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Data science at the Netherlands Tax and Customs Administration

How can data science improve tax administration? Mark Pijnenburg, a senior data scientist at the Netherlands Tax and Customs Administration, decided to investigate this in a dissertation. He talks about his experiences: 'Sometimes a technique is scientifically interesting, but not applicable in reality.'

Doubled workload

Over the past twenty years, the amount of work for the Tax and Customs Administration has doubled, while the number of employees - some 30,000 - has remained roughly the same. ‘So we have to work more efficiently,’ says Mark Pijnenburg, who recently obtained his PhD at the Leiden Institute of Advanced Computer Science (LIACS). ‘Data science can help us do that.’   

Conflicts of interest 

Doing research at the place where you work has its advantages and disadvantages, says Pijnenburg. One disadvantage is that you can be seen as a butcher who inspects his own meat. ‘I think that as an internal researcher it is more difficult to investigate sensitive issues such as discrimination. That brings a lot of emotions internally and externally, and from the outside one might think that there is a conflict of interests. So I didn't do any research into discrimination but looked at the technical side of the data analysis.’  

On the other hand, it creates new opportunities, says the data scientist. ‘This doctoral research gave me the opportunity to investigate new methods at the Tax and Customs Administration, something I normally never had had time for. In addition, my co-supervisor Wojtek Kowalczyk gave me useful tips, for example about finding specialist literature. Both aspects have improved my work at the Tax and Customs Administration.’   

Putting science into practice

In addition, Pijnenburg was able to bring his practical experiences to science, resulting in cross-pollination. ‘At conferences, many people found my practical experiences at the Tax and Customs Administration interesting. That resulted in great conversations from which I received valuable input.’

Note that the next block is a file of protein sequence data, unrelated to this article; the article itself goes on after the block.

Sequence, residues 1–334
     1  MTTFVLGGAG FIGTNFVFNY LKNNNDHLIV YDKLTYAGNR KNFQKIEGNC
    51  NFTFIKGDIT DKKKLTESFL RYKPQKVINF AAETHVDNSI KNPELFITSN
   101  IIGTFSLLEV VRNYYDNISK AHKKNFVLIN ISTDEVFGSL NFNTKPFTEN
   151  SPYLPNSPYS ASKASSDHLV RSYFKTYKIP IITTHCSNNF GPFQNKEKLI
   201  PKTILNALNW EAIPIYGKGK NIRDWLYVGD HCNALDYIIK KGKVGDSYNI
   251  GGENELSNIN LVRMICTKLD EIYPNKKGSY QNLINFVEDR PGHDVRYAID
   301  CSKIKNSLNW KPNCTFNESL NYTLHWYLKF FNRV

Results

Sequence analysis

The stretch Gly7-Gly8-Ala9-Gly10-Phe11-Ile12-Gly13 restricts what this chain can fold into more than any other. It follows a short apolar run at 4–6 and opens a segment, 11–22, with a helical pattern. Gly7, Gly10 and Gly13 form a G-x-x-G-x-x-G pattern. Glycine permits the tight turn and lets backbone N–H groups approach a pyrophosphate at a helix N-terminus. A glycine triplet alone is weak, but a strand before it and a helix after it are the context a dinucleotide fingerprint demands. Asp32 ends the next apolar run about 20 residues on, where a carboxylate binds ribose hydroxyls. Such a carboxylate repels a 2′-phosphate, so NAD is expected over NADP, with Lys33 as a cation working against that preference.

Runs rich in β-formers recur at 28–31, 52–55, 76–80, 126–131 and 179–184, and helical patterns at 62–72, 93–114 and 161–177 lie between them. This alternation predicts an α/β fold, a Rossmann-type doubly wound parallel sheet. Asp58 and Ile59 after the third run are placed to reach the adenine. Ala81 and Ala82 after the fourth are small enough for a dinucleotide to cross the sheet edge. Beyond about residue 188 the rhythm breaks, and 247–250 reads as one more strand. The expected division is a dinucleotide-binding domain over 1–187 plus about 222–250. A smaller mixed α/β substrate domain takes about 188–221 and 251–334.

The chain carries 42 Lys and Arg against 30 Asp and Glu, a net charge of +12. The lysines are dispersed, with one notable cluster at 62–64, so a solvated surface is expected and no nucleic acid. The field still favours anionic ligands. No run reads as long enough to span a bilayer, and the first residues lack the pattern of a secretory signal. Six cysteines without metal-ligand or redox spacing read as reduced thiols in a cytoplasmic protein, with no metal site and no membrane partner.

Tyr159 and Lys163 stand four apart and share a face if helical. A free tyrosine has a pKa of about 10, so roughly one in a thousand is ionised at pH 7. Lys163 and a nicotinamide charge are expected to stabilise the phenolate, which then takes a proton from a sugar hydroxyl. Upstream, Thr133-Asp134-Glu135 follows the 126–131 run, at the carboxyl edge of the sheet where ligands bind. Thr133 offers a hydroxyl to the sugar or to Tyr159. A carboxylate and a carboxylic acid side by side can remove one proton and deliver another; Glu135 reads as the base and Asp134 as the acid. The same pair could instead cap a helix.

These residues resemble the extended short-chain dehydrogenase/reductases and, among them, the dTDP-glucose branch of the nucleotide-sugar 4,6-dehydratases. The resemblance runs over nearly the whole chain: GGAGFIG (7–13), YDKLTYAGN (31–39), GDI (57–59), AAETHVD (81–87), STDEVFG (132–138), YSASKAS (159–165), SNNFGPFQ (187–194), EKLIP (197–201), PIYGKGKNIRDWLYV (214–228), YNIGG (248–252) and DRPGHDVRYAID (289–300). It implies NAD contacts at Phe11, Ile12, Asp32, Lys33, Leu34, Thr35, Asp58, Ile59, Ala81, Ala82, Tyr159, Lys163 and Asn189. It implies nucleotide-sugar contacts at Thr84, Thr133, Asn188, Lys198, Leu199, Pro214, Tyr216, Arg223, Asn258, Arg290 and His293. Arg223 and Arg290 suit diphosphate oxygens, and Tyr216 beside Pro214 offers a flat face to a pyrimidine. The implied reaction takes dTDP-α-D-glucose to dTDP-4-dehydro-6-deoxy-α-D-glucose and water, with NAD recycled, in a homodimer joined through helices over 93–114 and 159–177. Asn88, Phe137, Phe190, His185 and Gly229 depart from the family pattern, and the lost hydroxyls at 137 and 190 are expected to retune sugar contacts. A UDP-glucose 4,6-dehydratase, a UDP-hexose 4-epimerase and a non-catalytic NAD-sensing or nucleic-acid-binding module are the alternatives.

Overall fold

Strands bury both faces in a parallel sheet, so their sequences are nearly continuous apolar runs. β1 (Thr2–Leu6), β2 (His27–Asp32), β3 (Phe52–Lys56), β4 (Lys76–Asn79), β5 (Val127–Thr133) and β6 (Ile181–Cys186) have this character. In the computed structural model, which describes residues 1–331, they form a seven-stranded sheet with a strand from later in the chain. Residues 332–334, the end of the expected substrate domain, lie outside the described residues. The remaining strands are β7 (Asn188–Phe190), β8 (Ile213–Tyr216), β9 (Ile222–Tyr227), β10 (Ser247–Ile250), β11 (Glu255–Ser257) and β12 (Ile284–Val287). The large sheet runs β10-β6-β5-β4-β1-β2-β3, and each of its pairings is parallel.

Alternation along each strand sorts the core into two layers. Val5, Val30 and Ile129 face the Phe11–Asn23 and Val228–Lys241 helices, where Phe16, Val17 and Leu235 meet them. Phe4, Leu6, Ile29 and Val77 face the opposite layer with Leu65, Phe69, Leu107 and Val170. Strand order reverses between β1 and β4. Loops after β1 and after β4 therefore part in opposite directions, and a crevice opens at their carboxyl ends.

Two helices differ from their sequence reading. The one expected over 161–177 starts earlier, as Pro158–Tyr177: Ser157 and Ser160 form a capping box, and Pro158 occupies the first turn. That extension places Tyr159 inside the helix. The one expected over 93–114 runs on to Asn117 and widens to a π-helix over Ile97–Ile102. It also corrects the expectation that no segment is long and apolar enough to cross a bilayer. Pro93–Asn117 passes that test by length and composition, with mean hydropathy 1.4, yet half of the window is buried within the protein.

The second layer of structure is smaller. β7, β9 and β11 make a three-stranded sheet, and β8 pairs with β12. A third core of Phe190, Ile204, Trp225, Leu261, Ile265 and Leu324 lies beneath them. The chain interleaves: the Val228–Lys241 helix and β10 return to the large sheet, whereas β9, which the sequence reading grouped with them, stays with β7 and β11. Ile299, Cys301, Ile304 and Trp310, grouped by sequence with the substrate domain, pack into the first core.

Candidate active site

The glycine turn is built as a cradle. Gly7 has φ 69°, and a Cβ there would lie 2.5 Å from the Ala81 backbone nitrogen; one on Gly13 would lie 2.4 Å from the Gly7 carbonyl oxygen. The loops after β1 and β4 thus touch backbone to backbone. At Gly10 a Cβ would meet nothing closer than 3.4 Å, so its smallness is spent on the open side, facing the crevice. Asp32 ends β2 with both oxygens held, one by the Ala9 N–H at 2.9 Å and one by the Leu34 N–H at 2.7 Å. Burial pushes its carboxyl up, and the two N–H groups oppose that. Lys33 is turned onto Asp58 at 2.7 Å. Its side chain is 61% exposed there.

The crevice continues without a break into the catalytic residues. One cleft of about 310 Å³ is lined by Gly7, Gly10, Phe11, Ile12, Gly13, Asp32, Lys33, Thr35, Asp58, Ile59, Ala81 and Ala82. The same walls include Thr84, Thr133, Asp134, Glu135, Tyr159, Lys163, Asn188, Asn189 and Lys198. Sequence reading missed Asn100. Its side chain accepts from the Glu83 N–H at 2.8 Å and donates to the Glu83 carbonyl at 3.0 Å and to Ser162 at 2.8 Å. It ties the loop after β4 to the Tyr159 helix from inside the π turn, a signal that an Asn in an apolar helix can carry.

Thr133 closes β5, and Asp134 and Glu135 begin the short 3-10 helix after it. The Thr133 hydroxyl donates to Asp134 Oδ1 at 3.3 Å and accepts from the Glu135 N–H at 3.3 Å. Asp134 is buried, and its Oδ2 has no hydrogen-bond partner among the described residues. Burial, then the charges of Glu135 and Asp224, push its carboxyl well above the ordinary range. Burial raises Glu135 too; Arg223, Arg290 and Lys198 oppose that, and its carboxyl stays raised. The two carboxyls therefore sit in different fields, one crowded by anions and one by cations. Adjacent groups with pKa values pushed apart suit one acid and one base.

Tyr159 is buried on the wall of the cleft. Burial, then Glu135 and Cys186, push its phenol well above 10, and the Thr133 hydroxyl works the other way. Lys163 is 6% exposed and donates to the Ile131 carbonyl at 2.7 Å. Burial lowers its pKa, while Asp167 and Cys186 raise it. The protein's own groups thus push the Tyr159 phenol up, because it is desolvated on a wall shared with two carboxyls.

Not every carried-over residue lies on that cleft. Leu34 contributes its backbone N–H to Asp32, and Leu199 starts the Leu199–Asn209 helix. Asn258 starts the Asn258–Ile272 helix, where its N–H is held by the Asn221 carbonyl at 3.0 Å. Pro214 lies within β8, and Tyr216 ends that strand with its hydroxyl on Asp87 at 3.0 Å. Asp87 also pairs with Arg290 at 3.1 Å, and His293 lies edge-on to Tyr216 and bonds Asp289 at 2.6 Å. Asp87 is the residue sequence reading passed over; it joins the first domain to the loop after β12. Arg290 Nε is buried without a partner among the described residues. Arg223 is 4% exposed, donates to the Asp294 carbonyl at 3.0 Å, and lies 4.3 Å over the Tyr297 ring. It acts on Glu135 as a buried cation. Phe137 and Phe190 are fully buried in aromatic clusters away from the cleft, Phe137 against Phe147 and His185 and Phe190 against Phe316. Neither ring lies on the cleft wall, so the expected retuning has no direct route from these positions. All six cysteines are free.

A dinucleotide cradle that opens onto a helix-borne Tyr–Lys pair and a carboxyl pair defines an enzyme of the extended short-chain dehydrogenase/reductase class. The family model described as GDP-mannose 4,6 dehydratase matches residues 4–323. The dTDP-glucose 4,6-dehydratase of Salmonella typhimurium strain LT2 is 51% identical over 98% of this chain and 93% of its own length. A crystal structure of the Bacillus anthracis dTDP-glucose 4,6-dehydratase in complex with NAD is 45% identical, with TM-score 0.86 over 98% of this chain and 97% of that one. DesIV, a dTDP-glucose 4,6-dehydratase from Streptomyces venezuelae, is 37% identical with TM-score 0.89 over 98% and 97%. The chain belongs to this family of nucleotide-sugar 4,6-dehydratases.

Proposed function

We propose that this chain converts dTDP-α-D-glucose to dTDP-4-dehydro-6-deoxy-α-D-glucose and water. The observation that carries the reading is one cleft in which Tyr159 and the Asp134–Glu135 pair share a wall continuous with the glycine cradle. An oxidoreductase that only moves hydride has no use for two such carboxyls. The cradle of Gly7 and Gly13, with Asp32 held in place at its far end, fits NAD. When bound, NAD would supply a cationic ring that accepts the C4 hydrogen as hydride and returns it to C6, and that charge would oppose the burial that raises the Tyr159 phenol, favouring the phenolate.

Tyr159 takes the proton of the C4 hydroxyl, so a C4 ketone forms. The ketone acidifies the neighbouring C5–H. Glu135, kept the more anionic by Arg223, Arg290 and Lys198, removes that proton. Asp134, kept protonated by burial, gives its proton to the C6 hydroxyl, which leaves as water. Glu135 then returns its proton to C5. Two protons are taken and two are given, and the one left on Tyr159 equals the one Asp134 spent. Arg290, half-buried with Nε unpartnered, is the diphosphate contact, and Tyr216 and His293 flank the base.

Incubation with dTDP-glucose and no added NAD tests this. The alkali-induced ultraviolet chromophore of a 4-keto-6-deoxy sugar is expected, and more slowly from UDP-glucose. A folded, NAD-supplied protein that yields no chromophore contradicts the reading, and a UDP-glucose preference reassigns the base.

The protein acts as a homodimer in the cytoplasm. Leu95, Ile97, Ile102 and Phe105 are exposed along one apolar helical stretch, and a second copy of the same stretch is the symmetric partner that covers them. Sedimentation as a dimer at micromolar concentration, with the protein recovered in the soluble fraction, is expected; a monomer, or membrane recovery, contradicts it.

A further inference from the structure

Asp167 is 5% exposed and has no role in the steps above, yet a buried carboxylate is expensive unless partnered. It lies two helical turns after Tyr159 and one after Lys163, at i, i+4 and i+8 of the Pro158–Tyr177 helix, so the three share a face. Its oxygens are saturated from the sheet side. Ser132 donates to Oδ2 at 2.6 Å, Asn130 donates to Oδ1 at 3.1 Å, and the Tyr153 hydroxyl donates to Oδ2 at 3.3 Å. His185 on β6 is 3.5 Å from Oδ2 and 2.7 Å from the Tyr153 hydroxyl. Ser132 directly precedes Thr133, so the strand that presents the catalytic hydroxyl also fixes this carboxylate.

Pijnenburg also made an impact within his own organisation. ‘The management team of the small and medium-sized business unit read one of my articles, which employs more than 8,000 people. I thought it was great that they could also appreciate my work in that layer of the organisation.’   

A grey area

However, not all of Pijnenburg's insights were adopted by the Tax and Customs Administration. ‘For example, I carried out research into so-called factorisation machines, which can make a good contribution to our risk models. We use specific information, such as postal codes and industry. The combination of restaurant and industrial site, for example, would be suspicious. My research showed that this method worked quite well, only the management team decided not to apply it in practice. Postal codes can also be related to socio-economic background and then it soon becomes a grey area.’ 

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